Prevention is what keeps your house off the menu
Termites are one of the most costly pests that can invade your home. The longer they dine on your house, the more and more money drains from your bank account. Now that’s one expensive dinner!
So how do you protect your home and your wallet? Prevention is the most effective weapon against these tiny yet destructive creatures. If it’s subterranean, dampwood, or drywood termites, tell these pests to go somewhere else for their next meal by following these 10 prevention tips.
1. Remove Termite Access
Your first tip in termite prevention is removing any possible entry points into your house. Termites only need 1/32 of an inch to enter your home, so finding and sealing any potential access areas is crucial.
Over time, your house naturally settles, and many materials shrink and expand. This includes concrete, wood, metal, and PVC.
A few methods of removing termite access include:
Filling in cracks and gaps around water and gas lines with caulk or a foam sealant.
Patching cracks in the home’s foundation with cement or a patching compound.
Painting wood to fill in the small cracks and crevices.
Installing bug screens over foundation and attic vents.
2. Reduce Moisture Around the Home
Termites, like most pests, are attracted to areas with water. This is because termites need water for hydration, but it also helps them easily digest the cellulose found in wood.
To keep moisture to a minimum around your home, try these methods:
Make sure gutters carry water away from the foundation.
Double-check that storm drains empty several feet away from the house.
Don’t point sprinkler heads toward the home’s foundation.
Eliminate pools of water by repairing leaky pipes and air conditioning units.
Install a dehumidifier or a vapor block barrier in crawl spaces.
3. Eliminate Food Sources
Many pests, termites included, enter the house because they detect food. For termites, their favorite meal is anything with cellulose, which can be found in wood, grass, plants, and various paper products, including cardboard.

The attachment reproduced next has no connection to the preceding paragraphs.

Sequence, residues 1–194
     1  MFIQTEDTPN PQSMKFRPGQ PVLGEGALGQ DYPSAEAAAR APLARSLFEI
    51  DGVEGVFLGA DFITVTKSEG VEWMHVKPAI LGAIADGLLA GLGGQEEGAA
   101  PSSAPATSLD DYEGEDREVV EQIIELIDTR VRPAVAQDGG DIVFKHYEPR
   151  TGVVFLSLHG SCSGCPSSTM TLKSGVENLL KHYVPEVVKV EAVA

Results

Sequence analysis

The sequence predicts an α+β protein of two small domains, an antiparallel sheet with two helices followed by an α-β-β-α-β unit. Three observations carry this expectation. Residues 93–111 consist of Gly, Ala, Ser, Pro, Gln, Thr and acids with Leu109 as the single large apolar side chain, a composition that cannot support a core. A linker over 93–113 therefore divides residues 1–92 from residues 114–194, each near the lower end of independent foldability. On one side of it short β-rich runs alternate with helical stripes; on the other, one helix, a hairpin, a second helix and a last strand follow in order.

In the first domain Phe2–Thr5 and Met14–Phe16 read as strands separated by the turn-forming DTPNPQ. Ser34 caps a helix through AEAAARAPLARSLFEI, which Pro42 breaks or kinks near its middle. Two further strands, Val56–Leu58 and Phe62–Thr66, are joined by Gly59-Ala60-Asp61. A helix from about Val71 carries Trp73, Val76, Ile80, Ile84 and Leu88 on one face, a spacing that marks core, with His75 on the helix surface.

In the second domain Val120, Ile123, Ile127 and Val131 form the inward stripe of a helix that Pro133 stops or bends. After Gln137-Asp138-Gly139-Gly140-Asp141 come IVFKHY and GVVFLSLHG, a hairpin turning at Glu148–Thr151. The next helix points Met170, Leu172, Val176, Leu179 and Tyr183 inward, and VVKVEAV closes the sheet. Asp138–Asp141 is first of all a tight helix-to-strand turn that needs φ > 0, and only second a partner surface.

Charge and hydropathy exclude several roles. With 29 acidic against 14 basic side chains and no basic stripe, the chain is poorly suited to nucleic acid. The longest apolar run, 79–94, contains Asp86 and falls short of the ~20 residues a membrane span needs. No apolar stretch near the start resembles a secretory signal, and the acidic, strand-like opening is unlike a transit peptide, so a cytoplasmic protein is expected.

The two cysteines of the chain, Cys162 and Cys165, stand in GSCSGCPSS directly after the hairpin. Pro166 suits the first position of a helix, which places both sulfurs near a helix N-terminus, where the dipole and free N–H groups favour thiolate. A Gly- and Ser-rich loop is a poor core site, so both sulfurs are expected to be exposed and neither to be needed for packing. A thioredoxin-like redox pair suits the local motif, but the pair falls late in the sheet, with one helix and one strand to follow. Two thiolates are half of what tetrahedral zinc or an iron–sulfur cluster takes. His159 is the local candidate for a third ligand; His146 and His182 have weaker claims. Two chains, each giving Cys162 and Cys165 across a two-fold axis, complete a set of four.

When it comes to removing food access, try the following:
Remove rotting wood and dead trees from around the house.
Remove tree stumps, especially if they’re close to your home.
Prevent storing newspapers and paper products in or around the house for a long time.
Avoid using cardboard boxes for storage. Instead, try plastic containers.
Store important papers in sealed containers or cabinets in the upper levels of your home.
4. Protect Your Wood Deck
When you take preventative measures to extend the life of your wood deck from the elements, you can also incorporate a few extra steps to help repel possible termite issues.
Some of those steps include:
Spray your wood with borate before priming and painting. Borate soaks into the wood and naturally repels termites.
Never neglect your wood deck or steps. Keep the wood painted or stained because this fills in even the tiniest crevices.
Prevent pools of water from forming on your deck by avoiding planters and fixing leaky gutters.
5. Reduce Wood-to-Ground Contact Around the Home
We already know that wood is the main food of choice for termites, so having wood on the ground near your home is like placing a big welcome mat for subterranean termites to enter and get cozy.
Here are some tips to avoid wood-to-ground contact:
Ensure wood siding and window frames are 6 inches above the ground.
Stack firewood at least 20 feet away from your home and 8 inches above the ground.
Use a termite-proof paint or stain for your wood fence.